General welding information

Discussion in '<a href=' started by Lance Takara, Apr 23, 2002.

  1. Lance Takara

    Lance Takara LawnSite Member
    Messages: 73

    I've welded with arc and am currently using a miller 250 MIG welder for all around welding - thick and thin. My welding is more than satisfactory, however, I don't quite understand the strengths of the different types of welders.

    Basic question here. May sound stupid but here goes.
    Is the strength of a MIG welder for thin material? While the strength of an arc welder for thick material? Or are there other reasons? If that is true, where is the transition from thin to thick metal? Also, does that mean a good setup would be 2 welders, a line voltage MIG and a 220v arc to cover thin to thick material?

    I have searched, but seems all previous discussions have skirted this direct question.

    Thanks in advance for all replies
  2. chip hayden

    chip hayden LawnSite Member
    Messages: 29

    I'll give it a try to answer your questions. Realistically, it's a matter of available equipment and what people feel the most comfortable with if they use gmaw[mig] or smaw[stick]. Personally, i use gmaw as much as possible. it's faster, deposition rate is greater, and less clean-up afterwards.
    Strength-wise, all gmaw wire has a tensile of 70,000psi or greater[ER70s-6]. smaw electrode[stick] have a 60,000 tensile or greater.Be careful if you opt for low hydrogen coated electrodes[i.e.7018]. if they aren't kept at 240F. after the seal is broken on the package hydrogen will be absorbed by the flux coating and get trapped in the weldment. this is very serious.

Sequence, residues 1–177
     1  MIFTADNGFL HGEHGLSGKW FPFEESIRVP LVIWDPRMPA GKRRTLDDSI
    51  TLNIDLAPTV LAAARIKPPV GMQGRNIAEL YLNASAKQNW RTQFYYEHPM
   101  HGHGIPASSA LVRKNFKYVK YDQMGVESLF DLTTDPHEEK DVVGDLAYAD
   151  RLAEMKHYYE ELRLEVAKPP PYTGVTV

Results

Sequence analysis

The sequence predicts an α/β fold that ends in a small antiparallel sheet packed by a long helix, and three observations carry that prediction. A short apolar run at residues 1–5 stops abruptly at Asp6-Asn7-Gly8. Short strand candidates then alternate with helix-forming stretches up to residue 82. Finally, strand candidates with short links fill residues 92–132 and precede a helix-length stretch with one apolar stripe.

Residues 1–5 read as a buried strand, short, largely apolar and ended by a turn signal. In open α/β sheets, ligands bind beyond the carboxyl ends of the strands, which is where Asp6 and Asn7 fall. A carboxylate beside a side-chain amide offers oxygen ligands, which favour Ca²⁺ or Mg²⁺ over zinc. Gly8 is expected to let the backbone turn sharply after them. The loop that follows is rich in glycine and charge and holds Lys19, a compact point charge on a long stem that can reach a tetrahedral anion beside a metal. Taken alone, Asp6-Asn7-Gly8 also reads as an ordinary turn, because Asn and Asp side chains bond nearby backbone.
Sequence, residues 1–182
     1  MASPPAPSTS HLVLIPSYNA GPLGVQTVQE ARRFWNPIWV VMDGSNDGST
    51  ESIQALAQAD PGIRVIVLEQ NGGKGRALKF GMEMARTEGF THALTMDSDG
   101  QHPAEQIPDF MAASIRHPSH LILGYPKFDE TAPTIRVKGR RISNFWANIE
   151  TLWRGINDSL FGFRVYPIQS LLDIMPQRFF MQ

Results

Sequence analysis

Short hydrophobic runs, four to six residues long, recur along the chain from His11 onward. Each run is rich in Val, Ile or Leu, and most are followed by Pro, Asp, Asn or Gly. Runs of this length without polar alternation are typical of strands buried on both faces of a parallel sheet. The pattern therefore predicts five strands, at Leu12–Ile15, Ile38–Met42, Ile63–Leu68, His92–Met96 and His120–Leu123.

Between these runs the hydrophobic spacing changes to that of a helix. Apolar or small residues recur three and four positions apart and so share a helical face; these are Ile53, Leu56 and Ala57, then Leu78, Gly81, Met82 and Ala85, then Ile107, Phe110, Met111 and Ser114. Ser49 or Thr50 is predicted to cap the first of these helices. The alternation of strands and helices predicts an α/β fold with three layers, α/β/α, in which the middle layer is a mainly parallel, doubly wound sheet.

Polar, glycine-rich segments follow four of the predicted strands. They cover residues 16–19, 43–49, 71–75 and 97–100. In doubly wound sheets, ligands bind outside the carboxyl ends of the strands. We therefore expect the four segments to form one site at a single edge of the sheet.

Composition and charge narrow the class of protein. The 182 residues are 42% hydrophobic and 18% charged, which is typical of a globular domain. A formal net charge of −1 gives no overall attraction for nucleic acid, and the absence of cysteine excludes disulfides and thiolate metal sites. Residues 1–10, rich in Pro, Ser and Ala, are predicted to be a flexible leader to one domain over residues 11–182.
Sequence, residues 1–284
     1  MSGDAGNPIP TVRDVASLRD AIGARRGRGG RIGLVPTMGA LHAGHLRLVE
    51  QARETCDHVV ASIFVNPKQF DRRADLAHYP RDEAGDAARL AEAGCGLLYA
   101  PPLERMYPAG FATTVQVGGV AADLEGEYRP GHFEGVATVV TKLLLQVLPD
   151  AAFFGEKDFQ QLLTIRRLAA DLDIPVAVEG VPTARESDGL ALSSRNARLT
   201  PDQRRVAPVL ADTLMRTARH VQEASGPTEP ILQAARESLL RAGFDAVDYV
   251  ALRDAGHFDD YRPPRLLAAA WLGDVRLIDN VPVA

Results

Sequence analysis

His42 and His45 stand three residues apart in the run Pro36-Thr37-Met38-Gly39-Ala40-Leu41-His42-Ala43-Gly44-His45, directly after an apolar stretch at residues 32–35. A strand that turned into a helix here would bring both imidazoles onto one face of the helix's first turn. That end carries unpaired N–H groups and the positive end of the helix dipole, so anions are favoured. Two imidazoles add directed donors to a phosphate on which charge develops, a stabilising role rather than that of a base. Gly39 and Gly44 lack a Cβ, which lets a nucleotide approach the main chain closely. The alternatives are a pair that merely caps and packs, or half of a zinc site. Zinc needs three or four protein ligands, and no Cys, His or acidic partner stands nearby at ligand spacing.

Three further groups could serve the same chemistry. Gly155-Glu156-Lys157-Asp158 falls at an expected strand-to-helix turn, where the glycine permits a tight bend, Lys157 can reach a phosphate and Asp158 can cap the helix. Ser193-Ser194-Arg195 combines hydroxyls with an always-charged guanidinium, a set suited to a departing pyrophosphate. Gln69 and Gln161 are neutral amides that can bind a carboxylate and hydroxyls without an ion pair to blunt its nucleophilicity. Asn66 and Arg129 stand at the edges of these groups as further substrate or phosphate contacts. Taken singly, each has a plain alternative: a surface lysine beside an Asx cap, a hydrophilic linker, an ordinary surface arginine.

One of the few times i will use smaw over gmaw is when it's a field weld and i can't maintain the gas shield around my weld pool. this happens at about 10 mph breeze.
    one of the most common mistakes i see with gmaw is a cold lap weld. most everone who has a cv machine[wire-feeder] welds in the short circuit mode. it sounds like bacon frying. the welding wire melts easily because of the diameter being so small but incomplete fusion occurs with the base metal. it can look like a great weld to the untrained eye but when it is under tension it will fail. it's almost impossible to get a good looking cold lap in smaw[stick].
    If you have a 250 amp Miller mig machine i would suggest using that as much as possible. use a 75-25 ar/co2 mix with er70s-6 .035 dia.. this will cover any mild steel application from about .062 thick steel to over .500 thick. any thing over .250 thick i try to weld in the spray mode. This will be in the upper range of the power supply. the wire speed will be near the top also. the machine will sound completely different. kind of a whooshing noise as the filler metal is "atomized" as it comes out of the contact tip. once you become proficient in the spray mode nothing will hold you back. have fun!
  3. Lance Takara

    Lance Takara LawnSite Member
    Messages: 73

    Chip, thanks for the response but please excuse the ignorance on my part . . . .

    mig welder